- Your particular circumstances – the extent to which these would justify the need for professional advice to assist with preparing the Complaint or Consequential Loss claim,
- The complexity of the Complaint – recognising that claims for some types of Complaints (e.g. PPFAs) are inherently more complex to raise than for others (e.g. fees or interest), and
- The success of the Complaint – as noted above, fees will only be considered in relation to successful Complaints
For the avoidance of doubt, fees that are dependent on the success of the Complaint or Consequential Loss claim, and based on a percentage of the amount offered by the bank, will not be considered.
Where the Complaint Outcome is appealable, the bank’s decision on any amount of professional fees will also be appealable to the ITP.
H) What sort of evidence should I provide in support of my consequential loss claim?
What is capable of being claimed as a Consequential Loss, along with the level of evidence required to meet the applicable legal tests, will depend on the facts of each case. You must provide sufficient evidence to demonstrate that it is more likely than not that the Consequential Loss you are claiming was caused by the unfair actions of the bank and/or the Direct Loss incurred. Therefore your claim should explain in as much detail as possible:
- The particular loss you are claiming
- The amount of loss you are claiming, and
- How this loss was caused by the Direct Loss and/or unfair actions of the bank.
We are only able to consider claims for Consequential Loss which are supported by evidence. Please provide us with any documents and information which you think are relevant to your Consequential Loss claim, such as evidence of the loss suffered and the circumstances which gave rise to it. We will consider all evidence provided to us.
As a general principle, greater weight will be attached to evidence that was created at the time of the claimed loss, known as contemporaneous evidence. Greater weight is also likely to be given to factual evidence that is undisputed and/or verifiable. An example of contemporaneous and verifiable evidence would be bank statements from the time showing the amount of additional borrowing and the cost of that borrowing.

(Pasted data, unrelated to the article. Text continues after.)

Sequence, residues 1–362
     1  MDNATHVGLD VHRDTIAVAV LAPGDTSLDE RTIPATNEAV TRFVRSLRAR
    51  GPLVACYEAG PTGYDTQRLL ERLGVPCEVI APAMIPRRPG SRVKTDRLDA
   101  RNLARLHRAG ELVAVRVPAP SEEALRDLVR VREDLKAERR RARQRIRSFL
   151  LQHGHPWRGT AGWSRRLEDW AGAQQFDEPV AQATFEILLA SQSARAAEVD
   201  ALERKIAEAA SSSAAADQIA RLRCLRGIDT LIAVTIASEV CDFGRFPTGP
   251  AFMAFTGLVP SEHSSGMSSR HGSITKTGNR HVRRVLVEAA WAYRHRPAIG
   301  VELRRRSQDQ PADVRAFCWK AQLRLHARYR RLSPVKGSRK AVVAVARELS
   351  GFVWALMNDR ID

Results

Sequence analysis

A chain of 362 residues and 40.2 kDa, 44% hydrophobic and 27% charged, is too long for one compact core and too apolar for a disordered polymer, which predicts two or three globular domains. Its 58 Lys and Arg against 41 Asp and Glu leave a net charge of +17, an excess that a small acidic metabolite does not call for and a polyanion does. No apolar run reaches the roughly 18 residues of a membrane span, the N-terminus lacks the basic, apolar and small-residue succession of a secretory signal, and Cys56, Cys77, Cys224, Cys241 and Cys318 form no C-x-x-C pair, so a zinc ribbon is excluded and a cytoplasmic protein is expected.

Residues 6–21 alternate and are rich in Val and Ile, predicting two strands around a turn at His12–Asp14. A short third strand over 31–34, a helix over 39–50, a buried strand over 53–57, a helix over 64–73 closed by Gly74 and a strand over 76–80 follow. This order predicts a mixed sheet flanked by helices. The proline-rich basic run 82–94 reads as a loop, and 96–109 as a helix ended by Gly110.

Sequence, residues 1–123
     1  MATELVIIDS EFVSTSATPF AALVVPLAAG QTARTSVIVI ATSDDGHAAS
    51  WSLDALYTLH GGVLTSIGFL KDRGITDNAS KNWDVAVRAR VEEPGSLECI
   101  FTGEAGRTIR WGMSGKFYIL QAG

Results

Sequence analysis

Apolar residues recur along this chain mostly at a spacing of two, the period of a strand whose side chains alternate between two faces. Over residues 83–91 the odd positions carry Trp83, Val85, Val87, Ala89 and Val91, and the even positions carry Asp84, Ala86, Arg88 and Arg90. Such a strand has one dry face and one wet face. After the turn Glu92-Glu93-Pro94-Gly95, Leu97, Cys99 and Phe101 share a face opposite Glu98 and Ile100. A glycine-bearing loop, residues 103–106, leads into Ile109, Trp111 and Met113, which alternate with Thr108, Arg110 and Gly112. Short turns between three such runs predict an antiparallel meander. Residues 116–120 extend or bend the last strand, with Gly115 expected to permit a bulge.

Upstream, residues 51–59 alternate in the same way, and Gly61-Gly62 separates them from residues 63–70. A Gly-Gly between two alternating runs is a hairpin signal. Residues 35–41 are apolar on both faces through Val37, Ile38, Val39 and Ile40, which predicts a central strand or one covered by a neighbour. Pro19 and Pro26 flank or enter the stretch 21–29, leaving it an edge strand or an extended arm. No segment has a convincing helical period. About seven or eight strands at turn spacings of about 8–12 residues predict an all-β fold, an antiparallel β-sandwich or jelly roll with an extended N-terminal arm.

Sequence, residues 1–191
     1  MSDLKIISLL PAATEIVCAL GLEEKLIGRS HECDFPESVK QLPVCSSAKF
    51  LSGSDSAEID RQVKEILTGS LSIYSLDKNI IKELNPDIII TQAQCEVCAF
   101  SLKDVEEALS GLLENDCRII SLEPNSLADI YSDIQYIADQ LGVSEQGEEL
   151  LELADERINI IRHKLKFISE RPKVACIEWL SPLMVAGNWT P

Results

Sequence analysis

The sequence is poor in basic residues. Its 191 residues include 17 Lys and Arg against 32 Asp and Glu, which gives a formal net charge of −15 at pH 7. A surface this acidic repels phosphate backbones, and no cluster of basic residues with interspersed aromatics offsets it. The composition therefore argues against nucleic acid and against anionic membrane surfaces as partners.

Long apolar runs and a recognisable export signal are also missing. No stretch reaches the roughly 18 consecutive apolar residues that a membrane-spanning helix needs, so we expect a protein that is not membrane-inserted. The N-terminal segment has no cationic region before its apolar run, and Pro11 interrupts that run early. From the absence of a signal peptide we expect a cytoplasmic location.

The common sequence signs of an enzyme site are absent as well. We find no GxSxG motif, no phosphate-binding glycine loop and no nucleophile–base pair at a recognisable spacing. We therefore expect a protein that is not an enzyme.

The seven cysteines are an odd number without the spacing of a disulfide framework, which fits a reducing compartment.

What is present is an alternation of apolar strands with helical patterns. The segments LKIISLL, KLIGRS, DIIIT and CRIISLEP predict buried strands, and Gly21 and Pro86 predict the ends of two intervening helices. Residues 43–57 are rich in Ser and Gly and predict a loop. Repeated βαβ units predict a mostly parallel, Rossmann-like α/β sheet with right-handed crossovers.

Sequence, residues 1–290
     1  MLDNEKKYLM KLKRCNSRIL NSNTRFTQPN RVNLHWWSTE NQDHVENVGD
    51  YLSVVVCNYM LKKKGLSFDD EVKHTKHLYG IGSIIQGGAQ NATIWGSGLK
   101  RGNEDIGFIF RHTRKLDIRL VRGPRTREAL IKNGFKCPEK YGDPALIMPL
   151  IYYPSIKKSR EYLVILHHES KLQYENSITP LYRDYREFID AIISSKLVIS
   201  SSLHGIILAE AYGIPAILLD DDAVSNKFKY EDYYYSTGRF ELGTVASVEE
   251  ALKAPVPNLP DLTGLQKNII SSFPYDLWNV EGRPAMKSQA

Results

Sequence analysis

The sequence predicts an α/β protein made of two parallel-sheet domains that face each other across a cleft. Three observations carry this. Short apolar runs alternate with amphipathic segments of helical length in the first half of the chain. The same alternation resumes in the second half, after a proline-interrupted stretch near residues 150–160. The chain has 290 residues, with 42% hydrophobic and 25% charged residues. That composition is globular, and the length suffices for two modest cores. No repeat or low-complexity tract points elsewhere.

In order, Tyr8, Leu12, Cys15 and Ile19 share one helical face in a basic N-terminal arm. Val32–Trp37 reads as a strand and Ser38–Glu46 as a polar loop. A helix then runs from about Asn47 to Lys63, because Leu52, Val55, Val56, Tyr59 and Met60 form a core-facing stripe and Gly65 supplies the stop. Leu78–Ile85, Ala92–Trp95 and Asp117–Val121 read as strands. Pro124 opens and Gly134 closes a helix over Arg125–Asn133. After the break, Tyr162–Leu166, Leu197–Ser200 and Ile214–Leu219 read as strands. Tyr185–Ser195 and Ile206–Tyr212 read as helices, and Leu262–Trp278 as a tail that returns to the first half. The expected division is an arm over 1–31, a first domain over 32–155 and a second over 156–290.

While the burden is on customers to provide sufficient evidence to demonstrate their claim, we will also consider any relevant evidence we have on our files when assessing your claim. However, to ensure that we do not miss anything, please provide us with any evidence that you think may be relevant, and as much information as possible to allow us to assess what additional evidence we may hold that would be relevant to your claim.
Examples of the types of evidence we would expect to receive will depend on the nature of the claim but some non-exhaustive examples include:
- Bank statements
- Board minutes
- Statutory financial statements, management accounts or other financial records
- Correspondence with third parties relating to failed attempts to raise funds from other sources
- Correspondence relating to any business opportunity you would have pursued
- Projections of the additional income or profit you would have made by pursuing that business opportunity, including supporting evidence or business plans
- Copies of invoices for costs together with evidence of payment
- Copies of loan agreements together with the relevant interest rates
- Copies of contracts or written offers
I) How should I evidence Wasted Management Time both in terms of the loss incurred?
In simple terms, a successful claim for wasted management time requires you to establish that:
a) The underlying actions of the bank for which a complaint has been upheld resulted in a diversion of staff time within your business; and
b) That diversion caused a significant disruption to the business.
Once you have established this, then you should set out:
c) The quantification of any loss resulting from the business disruption. In some cases, it may be possible to directly quantify a loss of revenue attributable to the diversion of staff time (although normally these are considered to be loss of profits claims). However, where this is not possible, it is reasonable to infer that, but for the significant disruption, staff would have applied their time to activities which would have generated revenue (either directly or indirectly) for the business in an amount at least equal to the costs of employing them. As a result, we will accept quantification of the loss as the cost of employing staff (i.e. by reference to their salary/wages) to be used as a proxy to quantify financial loss to the business as a result of the disruption.